Of the two guns you hyperlinked , you’d have to try them as the actions are so different in design the guns will feel different . The deep Browning /Miroku  full  hinge pin actions will feel much different in the hands to the Winchester which is built on a Beretta like trunnion action .  The Browning is built from scratch in Japan by Miroku , The Winchester assembled from various components at a Browning plant in Portugal . It’s cheaper for a reason , it’s a budget gun . 

 

 

 

I'll agree the Mk38 is the GOAT trap gun for the money, which lends itself to sporting. I had one in 32" but it wasn't for me (it's actually for sale on Guntrader if you know anyone interested). Traditional stocks tend to work for the shorter, stockier shooter but not so much for me as I'm very tall and have a long neck - I need a Monte, or, ideally adjustable. That is a fair point - I will try and see if there is a 2nd hand 525 I can try. I doubt any gun trader will have a non new Winchester they would be willing to let me try.

 

Link to comment
Share on other sites

2 hours ago, tomshem93 said:

Raise the comb to reduce the drop, 30" barrel, beavertale Forend, screw in some 1/2 & 3/4 or 3/4 & full chokes - you have yourself a trap gun set up. I don't see how that puts you at any disadvantage? The only thing missing from what you call a 'decent quality trap gun' is added weight and fixed chokes, and if youre not recoil sensitive and know how to control the swing of a lighter gun then what's the use in the added weight? Getting a trap gun multichoked will still make it too heavy for sporting and also make it less sellable as it's been modified. I'd argue it's easier to shoot trap with a multi-purpose gun than it is to shoot sporting with a trap gun

There’s more to it than that. There‘a a reason why trap shooters shoot trap guns rather than modified sporters, it’s because they’re made for the job. 

Trap guns generally have wider stocks at the comb and heel, a wider radius grip, often with a palm swell, heavier barrels with a wider sighting plane. The additional weight and altered dimensions makes for a solid shooting platform. Stability comes at the expense of barrel speed.

The long and short of it is you need a trap gun if you wish to shoot DTL to a consistently high standard. As the old phrase goes, a jack of all trades gun is the master of none. Decide what you want to shoot and find a gun for the job. If you do shoot multiple disciplines with one gun then accept it’s a compromise.

Oh, and ease up on the attitude a little. You’ve asked for advice and I’ve given it based upon years at the sharp end of trap competition. There’s no point asking for guidance if you dismiss what’s said because you don’t like the way it fits.

Link to comment
Share on other sites

To be fair to the original request by Tomshem93 he has acknowledged that he wants a lighter gun than a pure trap tool - which, by design, are heavier.   He's also asking for 30" barrels so we can deduce that he's probably not a physically big either.

There is no doubt that guns that are developed for a specific discipline do provide an advantage if you have sufficient skill to take advantage of it, however if you are a general middle-of-the-road shooter then a Sporter will do the job most of the time - probably the difference between winning and being in the top 3 perhaps?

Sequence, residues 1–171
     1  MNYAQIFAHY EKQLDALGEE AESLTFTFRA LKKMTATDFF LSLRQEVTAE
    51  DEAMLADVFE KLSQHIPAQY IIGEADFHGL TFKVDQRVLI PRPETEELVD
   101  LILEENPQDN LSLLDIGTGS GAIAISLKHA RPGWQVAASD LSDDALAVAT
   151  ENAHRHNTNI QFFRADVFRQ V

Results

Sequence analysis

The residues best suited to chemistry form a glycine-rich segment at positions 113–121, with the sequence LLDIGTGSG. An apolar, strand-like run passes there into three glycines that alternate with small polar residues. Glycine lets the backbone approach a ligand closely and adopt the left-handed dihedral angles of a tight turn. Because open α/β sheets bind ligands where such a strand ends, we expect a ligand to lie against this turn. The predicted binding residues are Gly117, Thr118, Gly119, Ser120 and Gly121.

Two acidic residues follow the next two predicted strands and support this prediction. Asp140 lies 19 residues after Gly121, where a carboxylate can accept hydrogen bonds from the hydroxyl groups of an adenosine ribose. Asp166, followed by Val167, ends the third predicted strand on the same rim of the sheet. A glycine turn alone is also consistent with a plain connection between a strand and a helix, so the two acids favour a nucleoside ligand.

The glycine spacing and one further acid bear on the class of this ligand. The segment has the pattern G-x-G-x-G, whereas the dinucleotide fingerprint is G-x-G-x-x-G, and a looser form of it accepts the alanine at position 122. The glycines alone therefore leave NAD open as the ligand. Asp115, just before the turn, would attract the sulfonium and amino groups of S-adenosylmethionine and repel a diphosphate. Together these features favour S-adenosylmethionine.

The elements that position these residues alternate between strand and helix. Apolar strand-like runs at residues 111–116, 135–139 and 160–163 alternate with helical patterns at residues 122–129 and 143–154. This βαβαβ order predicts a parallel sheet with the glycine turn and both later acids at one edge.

Link to comment
Share on other sites

1 hour ago, Jan Powell said:

There’s more to it than that. There‘a a reason why trap shooters shoot trap guns rather than modified sporters, it’s because they’re made for the job. 

Trap guns generally have wider stocks at the comb and heel, a wider radius grip, often with a palm swell, heavier barrels with a wider sighting plane. The additional weight and altered dimensions makes for a solid shooting platform. Stability comes at the expense of barrel speed.

The long and short of it is you need a trap gun if you wish to shoot DTL to a consistently high standard. As the old phrase goes, a jack of all trades gun is the master of none. Decide what you want to shoot and find a gun for the job. If you do shoot multiple disciplines with one gun then accept it’s a compromise.

Oh, and ease up on the attitude a little. You’ve asked for advice and I’ve given it based upon years at the sharp end of trap competition. There’s no point asking for guidance if you dismiss what’s said because you don’t like the way it fits.

I'm not saying you're wrong or doubting your experience. If you try to shoot DTL with a 26" sporter with a massive drop at the heel then you're going to have a dreadful time. All I was trying to say that things have moved on since the early days, and there are guns that can be adapted to a trap like setup. Yes, you're not going to shoot 300/300 like some guy with an £8000 MX8. I'm not competing at the top. It doesn't mean you have to buy a fixed choke trap gun to shoot 66/75+ though. If you want to talk about attitude then maybe don't start advice with 'Without wishing to be too blunt'. It doesn't make you come across as particularly friendly or helpful. 

Link to comment
Share on other sites

A Caesar Guerini summit impact is a good gun for both DTL and Sporting, the barrels are quite light even with all the scaffolding down the barrel. 

Link to comment
Share on other sites

Archived

This topic is now archived and is closed to further replies.

×
×
  • Create New...